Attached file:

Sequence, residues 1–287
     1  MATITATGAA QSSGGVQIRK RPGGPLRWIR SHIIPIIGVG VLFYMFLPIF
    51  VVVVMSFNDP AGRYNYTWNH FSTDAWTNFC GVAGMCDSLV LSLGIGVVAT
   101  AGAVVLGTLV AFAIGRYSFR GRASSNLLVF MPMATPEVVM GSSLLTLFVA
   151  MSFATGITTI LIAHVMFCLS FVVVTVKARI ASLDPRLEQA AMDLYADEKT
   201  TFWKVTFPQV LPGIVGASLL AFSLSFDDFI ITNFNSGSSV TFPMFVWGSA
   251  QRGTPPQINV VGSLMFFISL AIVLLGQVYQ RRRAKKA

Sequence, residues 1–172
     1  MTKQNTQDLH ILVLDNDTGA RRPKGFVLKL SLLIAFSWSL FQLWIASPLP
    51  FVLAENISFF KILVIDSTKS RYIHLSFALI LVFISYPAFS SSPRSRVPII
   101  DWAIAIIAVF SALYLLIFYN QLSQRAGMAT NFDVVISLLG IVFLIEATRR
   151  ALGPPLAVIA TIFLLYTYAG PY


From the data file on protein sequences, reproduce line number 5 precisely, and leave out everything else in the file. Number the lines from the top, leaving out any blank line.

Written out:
   151  MSFATGITTI LIAHVMFCLS FVVVTVKARI ASLDPRLEQA AMDLYADEKT